The United Kingdom's capital and largest city is London, a global city and financial centre with an urban area population of 10.3 million. Other major urban areas in the UK include Greater Manchester, the West Midlands and West Yorkshire conurbations, Greater Glasgow and the Liverpool Built-up Area; the United Kingdom consists of four constituent countries: England, Scotland and Northern Ireland. Their capitals are London, Edinburgh and Belfast, respectively. Apart from England, the countries have their own devolved governments, each with varying powers, but such power is delegated by the Parliament of the United Kingdom, which may enact laws unilaterally altering or abolishing devolution; the nearby Isle of Man, Bailiwick of Guernsey and Bailiwick of Jersey are not part of the UK, being Crown dependencies with the British Government responsible for defence and international representation. The medieval conquest and subsequent annexation of Wales by the Kingdom of England, followed by the union between England and Scotland in 1707 to form the Kingdom of Great Britain, the union in 1801 of Great Britain with the Kingdom of Ireland created the United Kingdom of Great Britain and Ireland.
Five-sixths of Ireland seceded from the UK in 1922, leaving the present formulation of the United Kingdom of Great Britain and Northern Ireland. There are fourteen British Overseas Territories, the remnants of the British Empire which, at its height in the 1920s, encompassed a quarter of the world's land mass and was the largest empire in history. British influence can be observed in the language and political systems of many of its former colonies; the United Kingdom is a developed country and has the world's fifth-largest economy by nominal GDP and ninth-largest economy by purchasing power parity. It has a high-income economy and has a high Human Development Index rating, ranking 14th in the world, it was the world's first industrialised country and the world's foremost power during the 19th and early 20th centuries. The UK remains a great power, with considerable economic, military and political influence internationally, it is sixth in military expenditure in the world. It has been a permanent member of the United Nations Security Council since its first session in 1946.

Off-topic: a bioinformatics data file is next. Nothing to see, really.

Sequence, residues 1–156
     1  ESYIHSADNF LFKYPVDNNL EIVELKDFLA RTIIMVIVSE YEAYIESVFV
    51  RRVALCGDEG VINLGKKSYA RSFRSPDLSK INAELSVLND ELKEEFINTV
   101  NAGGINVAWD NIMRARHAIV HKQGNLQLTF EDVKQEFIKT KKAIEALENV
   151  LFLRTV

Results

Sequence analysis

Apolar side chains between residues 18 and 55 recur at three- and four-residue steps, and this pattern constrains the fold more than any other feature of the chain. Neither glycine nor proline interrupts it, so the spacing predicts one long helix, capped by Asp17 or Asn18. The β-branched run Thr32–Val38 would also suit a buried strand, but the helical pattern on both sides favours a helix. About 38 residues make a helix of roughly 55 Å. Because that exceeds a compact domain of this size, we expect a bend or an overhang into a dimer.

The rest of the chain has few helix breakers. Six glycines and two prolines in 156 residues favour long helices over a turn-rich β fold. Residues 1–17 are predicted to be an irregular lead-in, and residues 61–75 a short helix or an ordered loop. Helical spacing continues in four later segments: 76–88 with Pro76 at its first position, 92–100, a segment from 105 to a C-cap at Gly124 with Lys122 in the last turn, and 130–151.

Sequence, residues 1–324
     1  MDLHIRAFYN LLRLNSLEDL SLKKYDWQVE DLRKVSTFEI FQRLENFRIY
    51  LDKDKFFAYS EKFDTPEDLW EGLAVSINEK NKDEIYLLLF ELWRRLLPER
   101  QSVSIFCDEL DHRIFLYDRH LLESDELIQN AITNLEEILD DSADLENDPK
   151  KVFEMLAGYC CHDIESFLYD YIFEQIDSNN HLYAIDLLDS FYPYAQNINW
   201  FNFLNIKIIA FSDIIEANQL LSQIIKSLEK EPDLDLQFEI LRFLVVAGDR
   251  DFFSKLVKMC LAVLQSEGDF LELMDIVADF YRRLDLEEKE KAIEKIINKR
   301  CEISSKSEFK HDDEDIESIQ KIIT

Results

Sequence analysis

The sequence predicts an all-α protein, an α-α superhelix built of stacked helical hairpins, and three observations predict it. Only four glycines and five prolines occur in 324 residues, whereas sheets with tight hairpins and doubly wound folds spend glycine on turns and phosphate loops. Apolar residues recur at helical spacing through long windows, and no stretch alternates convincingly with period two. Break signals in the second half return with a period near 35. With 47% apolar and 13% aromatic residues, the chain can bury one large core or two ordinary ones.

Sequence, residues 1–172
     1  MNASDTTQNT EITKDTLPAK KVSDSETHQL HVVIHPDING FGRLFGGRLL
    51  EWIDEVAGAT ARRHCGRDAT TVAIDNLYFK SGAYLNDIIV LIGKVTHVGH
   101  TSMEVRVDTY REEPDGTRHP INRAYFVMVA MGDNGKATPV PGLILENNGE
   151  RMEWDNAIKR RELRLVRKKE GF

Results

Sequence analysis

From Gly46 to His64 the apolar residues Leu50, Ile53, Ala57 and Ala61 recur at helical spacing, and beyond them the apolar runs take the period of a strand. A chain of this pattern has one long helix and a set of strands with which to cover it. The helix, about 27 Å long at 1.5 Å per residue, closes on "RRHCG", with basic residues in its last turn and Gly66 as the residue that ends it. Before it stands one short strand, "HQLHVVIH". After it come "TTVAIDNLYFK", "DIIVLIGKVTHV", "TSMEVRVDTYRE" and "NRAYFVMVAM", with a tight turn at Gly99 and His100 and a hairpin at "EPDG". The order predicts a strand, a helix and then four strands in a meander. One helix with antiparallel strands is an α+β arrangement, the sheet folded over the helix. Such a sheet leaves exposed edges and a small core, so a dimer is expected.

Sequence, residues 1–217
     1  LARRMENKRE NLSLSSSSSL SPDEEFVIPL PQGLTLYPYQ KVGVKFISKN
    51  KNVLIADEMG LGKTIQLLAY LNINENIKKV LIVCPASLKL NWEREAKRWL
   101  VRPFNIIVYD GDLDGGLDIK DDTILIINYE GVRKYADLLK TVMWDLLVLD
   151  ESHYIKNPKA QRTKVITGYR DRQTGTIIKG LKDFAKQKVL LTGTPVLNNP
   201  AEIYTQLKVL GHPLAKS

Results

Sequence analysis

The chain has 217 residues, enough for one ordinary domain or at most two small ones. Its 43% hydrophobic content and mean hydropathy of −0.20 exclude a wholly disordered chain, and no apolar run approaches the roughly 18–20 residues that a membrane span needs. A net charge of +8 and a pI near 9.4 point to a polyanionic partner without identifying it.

It has been a leading member state of the European Union and its predecessor, the European Economic Community, since 1973. The United Kingdom is a member of the Commonwealth of Nations, the Council of Europe, the G7, the G20, NATO, the Organisation for Economic Co-operation and Development and the World Trade Organization; the 1707 Acts of Union declared that the kingdoms of England and Scotland were "United into One Kingdom by the Name of Great Britain". The term "United Kingdom" has been used as a description for the former kingdom of Great Britain, although its official name from 1707 to 1800 was "Great Britain"; the Acts of Union 1800 united the kingdom of Great Britain and the kingdom of Ireland in 1801, forming the United Kingdom of Great Britain and Ireland. Following the partition of Ireland and the independence of the Irish Free State in 1922, which left Northern Ireland as the only part of the island of Ireland within the United Kingdom, the name was changed to the "United Kingdom of Great Britain and Northern Ireland".